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Is there anybody out there?

Is there anybody out there? Probably not, according to a scientist from the University of East Anglia.

A mathematical model produced by Prof Andrew Watson suggests that the odds of finding new life on other Earth-like planets are low, given the time it has taken for beings such as humans to evolve and the remaining life span of the Earth.

Structurally complex and intelligent life evolved late on Earth and it has already been suggested that this process might be governed by a small number of very difficult evolutionary steps.

Prof Watson, from the School of Environmental Sciences, takes this idea further by looking at the probability of each of these critical steps occurring in relation to the life span of the Earth, giving an improved mathematical model for the evolution of intelligent life.

According to Prof Watson a limit to evolution is the habitability of Earth, and any other Earth-like planets, which will end as the sun brightens. Solar models predict that the brightness of the sun is increasing, while temperature models suggest that because of this the future life span of Earth will be only about another billion years, a short time compared to the four billion years since life first appeared on the planet.

The Earths biosphere is now in its old age and this has implications for our understanding of the likelihood of complex life and intelligence arising on any given planet, said Prof Watson.

At present, Earth is the only example we have of a planet with life. If we learned the planet would be habitable for a set period and that we had evolved early in this period, then even with a sample of one, wed suspect that evolution from simple to complex and intelligent life was quite likely to occur. By contrast, we now believe that we evolved late in the habitable period, and this suggests that our evolution is rather unlikely. In fact, the timing of events is consistent with it being very rare indeed.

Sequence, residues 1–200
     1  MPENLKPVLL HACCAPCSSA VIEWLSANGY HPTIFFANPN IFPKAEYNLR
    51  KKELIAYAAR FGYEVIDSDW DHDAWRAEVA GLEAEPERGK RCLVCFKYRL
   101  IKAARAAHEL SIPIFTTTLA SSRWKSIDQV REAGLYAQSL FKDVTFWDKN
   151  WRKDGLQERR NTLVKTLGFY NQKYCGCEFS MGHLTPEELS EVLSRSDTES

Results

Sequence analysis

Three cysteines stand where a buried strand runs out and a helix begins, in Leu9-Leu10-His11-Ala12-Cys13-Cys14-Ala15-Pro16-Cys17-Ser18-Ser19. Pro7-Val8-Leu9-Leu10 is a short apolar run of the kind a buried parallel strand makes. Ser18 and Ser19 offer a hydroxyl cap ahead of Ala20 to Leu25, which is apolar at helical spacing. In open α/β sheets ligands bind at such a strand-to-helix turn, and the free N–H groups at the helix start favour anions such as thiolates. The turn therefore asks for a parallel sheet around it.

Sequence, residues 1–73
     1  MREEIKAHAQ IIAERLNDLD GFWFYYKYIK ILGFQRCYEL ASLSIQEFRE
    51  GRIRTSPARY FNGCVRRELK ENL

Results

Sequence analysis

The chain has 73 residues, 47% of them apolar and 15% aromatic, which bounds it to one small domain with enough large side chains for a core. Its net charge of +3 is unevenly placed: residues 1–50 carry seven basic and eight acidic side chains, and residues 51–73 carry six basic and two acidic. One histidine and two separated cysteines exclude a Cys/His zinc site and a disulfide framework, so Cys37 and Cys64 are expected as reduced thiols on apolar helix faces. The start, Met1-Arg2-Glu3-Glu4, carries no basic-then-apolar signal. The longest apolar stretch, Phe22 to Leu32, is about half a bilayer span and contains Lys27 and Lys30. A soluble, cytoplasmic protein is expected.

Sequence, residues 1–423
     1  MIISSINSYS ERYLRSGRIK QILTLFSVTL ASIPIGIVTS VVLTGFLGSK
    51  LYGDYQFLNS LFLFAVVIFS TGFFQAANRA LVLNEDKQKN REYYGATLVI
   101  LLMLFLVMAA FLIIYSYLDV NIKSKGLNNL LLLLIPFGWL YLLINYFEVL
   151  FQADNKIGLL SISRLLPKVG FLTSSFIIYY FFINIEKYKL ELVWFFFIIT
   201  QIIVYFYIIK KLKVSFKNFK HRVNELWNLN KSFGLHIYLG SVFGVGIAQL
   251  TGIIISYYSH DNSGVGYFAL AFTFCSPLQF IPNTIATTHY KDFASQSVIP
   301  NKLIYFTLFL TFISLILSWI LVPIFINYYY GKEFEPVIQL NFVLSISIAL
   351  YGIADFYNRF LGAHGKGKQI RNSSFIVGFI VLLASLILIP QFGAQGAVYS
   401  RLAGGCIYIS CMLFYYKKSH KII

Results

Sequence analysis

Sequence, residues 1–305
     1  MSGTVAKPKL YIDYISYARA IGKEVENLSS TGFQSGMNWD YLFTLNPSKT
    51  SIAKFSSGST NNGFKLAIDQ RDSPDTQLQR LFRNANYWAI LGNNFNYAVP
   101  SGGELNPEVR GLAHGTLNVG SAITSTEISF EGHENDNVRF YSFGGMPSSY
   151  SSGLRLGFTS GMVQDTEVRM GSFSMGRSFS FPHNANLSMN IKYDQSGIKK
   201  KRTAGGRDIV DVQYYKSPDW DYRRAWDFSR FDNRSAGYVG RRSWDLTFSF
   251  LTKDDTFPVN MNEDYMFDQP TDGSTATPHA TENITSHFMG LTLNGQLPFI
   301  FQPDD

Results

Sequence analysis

Prof Watson suggests the number of evolutionary steps needed to create intelligent life, in the case of humans, is four. These probably include the emergence of single-celled bacteria, complex cells, specialized cells allowing complex life forms, and intelligent life with an established language.

Complex life is separated from the simplest life forms by several very unlikely steps and therefore will be much less common. Intelligence is one step further, so it is much less common still, said Prof Watson.

His model, published in the journal Astrobiology, suggests an upper limit for the probability of each step occurring is 10 per cent or less, so the chances of intelligent life emerging is low less than 0.01 per cent over four billion years.

Each step is independent of the other and can only take place after the previous steps in the sequence have occurred. They tend to be evenly spaced through Earths history and this is consistent with some of the major transitions identified in the evolution of life on Earth.


Contact: Cat Bartman
University of East Anglia

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